Aubert, B; Barate, R; Boutigny, D; Gaillard, J-M; Hicheur, A; Karyotakis, Y; Lees, J P; Robbe, P; Tisserand, V; Zghiche, A; Palano, A; Pompili, A; Chen, J C; Qi, N D; Rong, G; Wang, P; Zhu, Y S; Eigen, G; Ofte, I; Stugu, B; Abrams, G S; Borgland, A W; Breon, A B; Brown, D N; Button-Shafer, J; Cahn, R N; Charles, E; Day, C T; Gill, M S; Gritsan, A V; Groysman, Y; Jacobsen, R G; Kadel, R W; Kadyk, J; Kerth, L T; Kolomensky, Yu G; Kukartsev, G; LeClerc, C; Levi, M E; Lynch, G; Mir, L M; Oddone, P J; Orimoto, T J; Pripstein, M; Roe, N A; Romosan, A; Ronan, M T; Shelkov, V G; Telnov, A V; Wenzel, W A; Ford, K; Harrison, T J; Hawkes, C M; Knowles, D J; Morgan, S E; Penny, R C; Watson, A T; Watson, N K; Goetzen, K; Held, T; Koch, H; Lewandowski, B; Pelizaeus, M; Peters, K; Schmuecker, H; Steinke, M; Boyd, J T; Chevalier, N; Cottingham, W N; Kelly, M P; Latham, T E; Mackay, C; Wilson, F F; Abe, K; Cuhadar-Donszelmann, T; Hearty, C; Mattison, T S; McKenna, J A; Thiessen, D; Kyberd, P; McKemey, A K; Teodorescu, L; Blinov, V E; Bukin, A D; Golubev, V B; Ivanchenko, V N; Kravchenko, E A; Onuchin, A P; Serednyakov, S I; Skovpen, Yu I; Solodov, E P; Yushkov, A N; Best, D; Bruinsma, M; Chao, M; Kirkby, D; Lankford, A J; Mandelkern, M; Mommsen, R K; Roethel, W; Stoker, D P; Buchanan, C; Hartfiel, B L; Gary, J W; Layter, J; Shen, B C; Wang, K; del Re, D; Hadavand, H K; Hill, E J; MacFarlane, D B; Paar, H P; Rahatlou, Sh; Sharma, V; Berryhill, J W; Campagnari, C; Dahmes, B; Kuznetsova, N; Levy, S L; Long, O; Lu, A; Mazur, M A; Richman, J D; Verkerke, W; Beck, T W; Beringer, J; Eisner, A M; Heusch, C A; Lockman, W S; Schalk, T; Schmitz, R E; Schumm, B A; Seiden, A; Turri, M; Walkowiak, W; Williams, D C; Wilson, M G; Albert, J; Chen, E; Dubois-Felsmann, G P; Dvoretskii, A; Erwin, R J; Hitlin, D G; Narsky, I; Piatenko, T; Porter, F C; Ryd, A; Samuel, A; Yang, S; Jayatilleke, S; Mancinelli, G; Meadows, B T; Sokoloff, M D; Abe, T; Blanc, F; Bloom, P; Chen, S; Clark, P J; Ford, W T; Nauenberg, U; Olivas, A; Rankin, P; Roy, J; Smith, J G; van Hoek, W C; Zhang, L; Harton, J L; Hu, T; Soffer, A; Toki, W H; Wilson, R J; Zhang, J; Altenburg, D; Brandt, T; Brose, J; Colberg, T; Dickopp, M; Dubitzky, R S; Hauke, A; Lacker, H M; Maly, E; Müller-Pfefferkorn, R; Nogowski, R; Otto, S; Schubert, J; Schubert, K R; Schwierz, R; Spaan, B; Wilden, L; Bernard, D; Bonneaud, G R; Brochard, F; Cohen-Tanugi, J; Grenier, P; Thiebaux, Ch; Vasileiadis, G; Verderi, M; Khan, A; Lavin, D; Muheim, F; Playfer, S; Swain, J E; Andreotti, M; Azzolini, V; Bettoni, D; Bozzi, C; Calabrese, R; Cibinetto, G; Luppi, E; Negrini, M; Piemontese, L; Sarti, A; Treadwell, E; Anulli, F; Baldini-Ferroli, R; Biasini, M; Calcaterra, A; de Sangro, R; Falciai, D; Finocchiaro, G; Patteri, P; Peruzzi, I M; Piccolo, M; Pioppi, M; Zallo, A; Buzzo, A; Capra, R; Contri, R; Crosetti, G; Lo Vetere, M; Macri, M; Monge, M R; Passaggio, S; Patrignani, C; Robutti, E; Santroni, A; Tosi, S; Bailey, S; Morii, M; Won, E; Bhimji, W; Bowerman, D A; Dauncey, P D; Egede, U; Eschrich, I; Gaillard, J R; Morton, G W; Nash, J A; Sanders, P; Taylor, G P; Grenier, G J; Lee, S-J; Mallik, U; Cochran, J; Crawley, H B; Lamsa, J; Meyer, W T; Prell, S; Rosenberg, E I; Yi, J; Davier, M; Grosdidier, G; Höcker, A; Laplace, S; Le Diberder, F; Lepeltier, V; Lutz, A M; Petersen, T C; Plaszczynski, S; Schune, M H; Tantot, L; Wormser, G; Brigljević, V; Cheng, C H; Lange, D J; Simani, M C; Wright, D M; Bevan, A J; Coleman, J P; Fry, J R; Gabathuler, E; Gamet, R; Kay, M; Parry, R J; Payne, D J; Sloane, R J; Touramanis, C; Back, J J; Harrison, P F; Shorthouse, H W; Vidal, P B; Brown, C L; Cowan, G; Flack, R L; Flaecher, H U; George, S; Green, M G; Kurup, A; Marker, C E; McMahon, T R; Ricciardi, S; Salvatore, F; Vaitsas, G; Winter, M A; Brown, D; Davis, C L; Allison, J; Barlow, N R; Barlow, R J; Hart, P A; Hodgkinson, M C; Jackson, F; Lafferty, G D; Lyon, A J; Weatherall, J H; Williams, J C; Farbin, A; Jawahery, A; Kovalskyi, D; Lae, C K; Lillard, V; Roberts, D A; Blaylock, G; Dallapiccola, C; Flood, K T; Hertzbach, S S; Kofler, R; Koptchev, V B; Moore, T B; Saremi, S; Staengle, H; Willocq, S; Cowan, R; Sciolla, G; Taylor, F; Yamamoto, R K; Mangeol, D J J; Patel, P M; Robertson, S H; Lazzaro, A; Palombo, F; Bauer, J M; Cremaldi, L; Eschenburg, V; Godang, R; Kroeger, R; Reidy, J; Sanders, D A; Summers, D J; Zhao, H W; Brunet, S; Cote-Ahern, D; Taras, P; Nicholson, H; Cartaro, C; Cavallo, N; De Nardo, G; Fabozzi, F; Gatto, C; Lista, L; Paolucci, P; Piccolo, D; Sciacca, C; Baak, M A; Raven, G; LoSecco, J M; Gabriel, T A; Brau, B; Gan, K K; Honscheid, K; Hufnagel, D; Kagan, H; Kass, R; Pulliam, T; Wong, Q K; Brau, J; Frey, R; Potter, C T; Sinev, N B; Strom, D; Torrence, E; Colecchia, F; Dorigo, A; Galeazzi, F; Margoni, M; Morandin, M; Posocco, M; Rotondo, M; Simonetto, F; Stroili, R; Tiozzo, G; Voci, C; Benayoun, M; Briand, H; Chauveau, J; David, P; de la Vaissière, Ch; Del Buono, L; Hamon, O; John, M J J; Leruste, Ph; Ocariz, J; Pivk, M; Roos, L; Stark, J; T'Jampens, S; Therin, G; Manfredi, P F; Re, V; Behera, P K; Gladney, L; Guo, Q H; Panetta, J; Angelini, C; Batignani, G; Bettarini, S; Bondioli, M; Bucci, F; Calderini, G; Carpinelli, M; Del Gamba, V; Forti, F; Giorgi, M A; Lusiani, A; Marchiori, G; Martinez-Vidal, F; Morganti, M; Neri, N; Paoloni, E; Rama, M; Rizzo, G; Sandrelli, F; Walsh, J; Haire, M; Judd, D; Paick, K; Wagoner, D E; Danielson, N; Elmer, P; Lu, C; Miftakov, V; Olsen, J; Smith, A J S; Tanaka, H A; Varnes, E W; Bellini, F; Cavoto, G; Faccini, R; Ferrarotto, F; Ferroni, F; Gaspero, M; Mazzoni, M A; Morganti, S; Pierini, M; Piredda, G; Tehrani, F Safai; Voena, C; Christ, S; Wagner, G; Waldi, R; Adye, T; De Groot, N; Franek, B; Geddes, N I; Gopal, G P; Olaiya, E O; Xella, S M; Aleksan, R; Emery, S; Gaidot, A; Ganzhur, S F; Giraud, P-F; Hamel de Monchenault, G; Kozanecki, W; Langer, M; Legendre, M; London, G W; Mayer, B; Schott, G; Vasseur, G; Yeche, Ch; Zito, M; Purohit, M V; Weidemann, A W; Yumiceva, F X; Aston, D; Bartoldus, R; Berger, N; Boyarski, A M; Buchmueller, O L; Convery, M R; Coupal, D P; Dong, D; Dorfan, J; Dujmic, D; Dunwoodie, W; Field, R C; Glanzman, T; Gowdy, S J; Grauges-Pous, E; Hadig, T; Halyo, V; Hryn'ova, T; Innes, W R; Jessop, C P; Kelsey, M H; Kim, P; Kocian, M L; Langenegger, U; Leith, D W G S; Libby, J; Luitz, S; Luth, V; Lynch, H L; Marsiske, H; Messner, R; Muller, D R; O'Grady, C P; Ozcan, V E; Perazzo, A; Perl, M; Petrak, S; Ratcliff, B N; Roodman, A; Salnikov, A A; Schindler, R H; Schwiening, J; Simi, G; Snyder, A; Soha, A; Stelzer, J; Su, D; Sullivan, M K; Va'vra, J; Wagner, S R; Weaver, M; Weinstein, A J R; Wisniewski, W J; Wright, D H; Young, C C; Burchat, P R; Edwards, A J; Meyer, T I; Petersen, B A; Roat, C; Ahmed, M; Ahmed, S; Alam, M S; Ernst, J A; Saeed, M A; Saleem, M; Wappler, F R; Bugg, W; Krishnamurthy, M; Spanier, S M; Eckmann, R; Kim, H; Ritchie, J L; Schwitters, R F; Izen, J M; Kitayama, I; Lou, X C; Ye, S; Bianchi, F; Bona, M; Gallo, F; Gamba, D; Borean, C; Bosisio, L; Della Ricca, G; Dittongo, S; Grancagnolo, S; Lanceri, L; Poropat, P; Vitale, L; Vuagnin, G; Panvini, R S; Banerjee, Sw; Brown, C M; Fortin, D; Jackson, P D; Kowalewski, R; Roney, J M; Band, H R; Dasu, S; Datta, M; Eichenbaum, A M; Johnson, J R; Kutter, P E; Li, H; Liu, R; Di Lodovico, F; Mihalyi, A; Mohapatra, A K; Pan, Y; Prepost, R; Sekula, S J; von Wimmersperg-Toeller, J H; Wu, J; Wu, S L; Yu, Z; Neal, H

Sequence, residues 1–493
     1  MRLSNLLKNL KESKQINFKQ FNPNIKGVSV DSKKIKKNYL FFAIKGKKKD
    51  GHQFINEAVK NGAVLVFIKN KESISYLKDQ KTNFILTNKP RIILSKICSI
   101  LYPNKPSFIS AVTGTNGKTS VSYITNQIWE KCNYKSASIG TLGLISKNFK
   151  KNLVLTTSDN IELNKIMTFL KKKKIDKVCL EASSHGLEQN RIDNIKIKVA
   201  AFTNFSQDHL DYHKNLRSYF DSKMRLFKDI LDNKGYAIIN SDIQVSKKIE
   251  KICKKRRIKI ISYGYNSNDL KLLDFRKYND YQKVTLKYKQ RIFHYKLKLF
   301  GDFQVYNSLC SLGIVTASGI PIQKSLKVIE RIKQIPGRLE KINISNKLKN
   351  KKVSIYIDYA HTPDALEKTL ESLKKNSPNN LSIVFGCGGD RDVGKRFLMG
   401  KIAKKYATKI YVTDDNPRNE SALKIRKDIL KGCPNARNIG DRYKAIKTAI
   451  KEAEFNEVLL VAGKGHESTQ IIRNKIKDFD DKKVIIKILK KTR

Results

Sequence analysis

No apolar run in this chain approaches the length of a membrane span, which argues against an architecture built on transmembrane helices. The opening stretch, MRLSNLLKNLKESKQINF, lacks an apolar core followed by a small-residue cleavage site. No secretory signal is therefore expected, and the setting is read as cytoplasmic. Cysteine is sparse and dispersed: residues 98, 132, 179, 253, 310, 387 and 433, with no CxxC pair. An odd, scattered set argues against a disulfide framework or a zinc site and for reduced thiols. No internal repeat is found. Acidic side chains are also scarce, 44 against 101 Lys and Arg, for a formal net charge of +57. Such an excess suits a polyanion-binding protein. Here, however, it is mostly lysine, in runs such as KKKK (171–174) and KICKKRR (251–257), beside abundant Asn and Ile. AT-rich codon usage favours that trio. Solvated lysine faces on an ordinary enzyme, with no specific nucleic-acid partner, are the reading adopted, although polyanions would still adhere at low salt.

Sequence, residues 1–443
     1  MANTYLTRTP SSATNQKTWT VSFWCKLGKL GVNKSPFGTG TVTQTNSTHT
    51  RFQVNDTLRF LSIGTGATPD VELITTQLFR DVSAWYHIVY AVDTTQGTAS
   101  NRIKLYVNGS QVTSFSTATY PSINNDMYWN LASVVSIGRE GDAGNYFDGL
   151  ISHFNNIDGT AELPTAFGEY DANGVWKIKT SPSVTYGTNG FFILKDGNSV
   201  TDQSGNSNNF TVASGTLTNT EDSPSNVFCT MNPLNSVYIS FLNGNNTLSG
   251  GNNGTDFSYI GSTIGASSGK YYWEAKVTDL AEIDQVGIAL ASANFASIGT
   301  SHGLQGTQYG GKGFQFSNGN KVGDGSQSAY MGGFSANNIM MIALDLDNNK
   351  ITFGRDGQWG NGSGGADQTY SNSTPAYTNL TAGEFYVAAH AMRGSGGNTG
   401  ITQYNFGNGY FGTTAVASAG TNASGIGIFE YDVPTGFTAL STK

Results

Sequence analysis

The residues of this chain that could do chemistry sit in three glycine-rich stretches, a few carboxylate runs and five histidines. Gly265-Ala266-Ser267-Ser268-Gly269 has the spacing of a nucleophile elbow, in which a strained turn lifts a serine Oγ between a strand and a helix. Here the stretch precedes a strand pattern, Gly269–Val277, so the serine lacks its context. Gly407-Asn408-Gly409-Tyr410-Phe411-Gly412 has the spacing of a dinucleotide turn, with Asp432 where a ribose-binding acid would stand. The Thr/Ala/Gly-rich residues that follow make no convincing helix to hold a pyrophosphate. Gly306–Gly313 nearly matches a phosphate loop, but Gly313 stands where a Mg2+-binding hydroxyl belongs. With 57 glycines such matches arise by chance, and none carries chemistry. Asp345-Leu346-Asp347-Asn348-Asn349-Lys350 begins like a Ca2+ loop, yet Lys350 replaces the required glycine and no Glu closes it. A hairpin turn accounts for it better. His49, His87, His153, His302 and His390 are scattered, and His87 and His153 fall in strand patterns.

2004-06-25